2. Principal Barbara Patrick
Plaintiffs next argue that Patrick is not entitled to qualified immunity for her actions or inactions because she had notice of McGrew's sexual abuse of Plaintiffs, she was deliberately indifferent to it, and her failure to take action caused Plaintiffs to suffer a constitutional injury. Patrick claims that she is entitled to qualified immunity because she did not have notice of the possibility of McGrew's misconduct for the majority of the period at issue and, when made aware of the allegations, she did not respond in a manner that constituted deliberate indifference toward Plaintiffs' rights.6
The district court determined that a genuine issue of material fact existed as to whether and when Patrick became aware of allegations that McGrew was sexually abusing some of his students. Nevertheless, the district court concluded that no genuine issue of material fact existed as to whether Patrick acted with deliberate indifference because she did not ignore the information that she received. The district court therefore granted summary judgment in favor of Patrick, finding that she was entitled to qualified immunity.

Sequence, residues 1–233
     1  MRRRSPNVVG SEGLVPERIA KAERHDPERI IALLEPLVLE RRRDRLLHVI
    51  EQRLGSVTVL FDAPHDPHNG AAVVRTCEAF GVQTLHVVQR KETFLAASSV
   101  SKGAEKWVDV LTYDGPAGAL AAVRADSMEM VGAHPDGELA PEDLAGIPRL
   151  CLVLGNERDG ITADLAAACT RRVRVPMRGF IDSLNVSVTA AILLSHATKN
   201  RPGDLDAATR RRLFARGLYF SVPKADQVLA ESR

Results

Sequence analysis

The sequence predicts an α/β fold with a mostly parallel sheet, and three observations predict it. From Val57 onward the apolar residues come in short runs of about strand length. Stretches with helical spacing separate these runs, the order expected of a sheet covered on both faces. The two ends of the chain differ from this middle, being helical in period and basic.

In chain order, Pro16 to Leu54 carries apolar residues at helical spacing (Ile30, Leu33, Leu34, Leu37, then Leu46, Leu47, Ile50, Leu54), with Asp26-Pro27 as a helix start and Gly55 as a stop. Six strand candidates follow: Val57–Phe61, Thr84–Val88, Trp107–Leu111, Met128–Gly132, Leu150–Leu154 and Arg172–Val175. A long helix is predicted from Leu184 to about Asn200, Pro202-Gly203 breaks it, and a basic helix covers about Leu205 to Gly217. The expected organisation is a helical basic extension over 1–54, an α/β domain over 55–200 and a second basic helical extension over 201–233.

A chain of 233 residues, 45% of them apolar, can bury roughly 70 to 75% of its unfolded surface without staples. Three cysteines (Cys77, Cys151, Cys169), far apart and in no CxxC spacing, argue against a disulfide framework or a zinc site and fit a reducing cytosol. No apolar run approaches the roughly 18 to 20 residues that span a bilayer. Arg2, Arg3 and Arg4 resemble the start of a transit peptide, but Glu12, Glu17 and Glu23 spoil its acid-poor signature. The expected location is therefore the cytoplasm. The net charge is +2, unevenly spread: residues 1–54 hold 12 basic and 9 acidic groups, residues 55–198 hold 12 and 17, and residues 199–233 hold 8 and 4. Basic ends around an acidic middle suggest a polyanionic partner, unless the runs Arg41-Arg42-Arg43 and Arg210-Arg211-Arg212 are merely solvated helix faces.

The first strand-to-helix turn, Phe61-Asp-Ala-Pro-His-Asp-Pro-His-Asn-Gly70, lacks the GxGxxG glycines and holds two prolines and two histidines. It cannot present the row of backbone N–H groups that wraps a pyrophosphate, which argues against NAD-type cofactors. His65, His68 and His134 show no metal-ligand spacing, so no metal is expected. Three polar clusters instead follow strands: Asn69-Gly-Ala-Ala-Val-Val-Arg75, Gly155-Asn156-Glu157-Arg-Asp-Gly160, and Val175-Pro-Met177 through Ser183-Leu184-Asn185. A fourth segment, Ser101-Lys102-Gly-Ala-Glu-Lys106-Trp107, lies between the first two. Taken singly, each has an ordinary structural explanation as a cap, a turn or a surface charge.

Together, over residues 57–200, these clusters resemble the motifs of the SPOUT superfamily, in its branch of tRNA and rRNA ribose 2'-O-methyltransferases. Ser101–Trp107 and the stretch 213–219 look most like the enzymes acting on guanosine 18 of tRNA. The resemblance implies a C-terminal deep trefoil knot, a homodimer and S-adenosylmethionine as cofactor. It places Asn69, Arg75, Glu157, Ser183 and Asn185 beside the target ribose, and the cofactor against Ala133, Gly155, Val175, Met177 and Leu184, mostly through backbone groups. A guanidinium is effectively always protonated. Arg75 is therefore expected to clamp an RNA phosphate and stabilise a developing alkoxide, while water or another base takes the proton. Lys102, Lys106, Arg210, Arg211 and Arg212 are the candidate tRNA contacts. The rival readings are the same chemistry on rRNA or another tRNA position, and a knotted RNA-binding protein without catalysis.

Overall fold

We have formulated a three-part test for determining the personal liability of school officials in sexual abuse cases.
A supervisory school official can be held personally liable for a subordinate's violation of an elementary or secondary school student's constitutional right to bodily integrity in physical sexual abuse cases if the plaintiff establishes that:
(1) the defendant learned of facts or a pattern of inappropriate sexual behavior by a subordinate pointing plainly toward the conclusion that the subordinate was sexually abusing the student; and
(2) the defendant demonstrated deliberate indifference toward the constitutional rights of the student by failing to take action that was obviously necessary to prevent or stop the abuse; and
(3) such failure caused a constitutional injury to the student.
Doe v. Taylor Indep. Sch. Dist., 15 F.3d 443, 454 (5th Cir.1994) (en banc). Thus, in order to survive summary judgment, Plaintiffs must put forth evidence sufficient to create a genuine issue of material fact on each of these issues.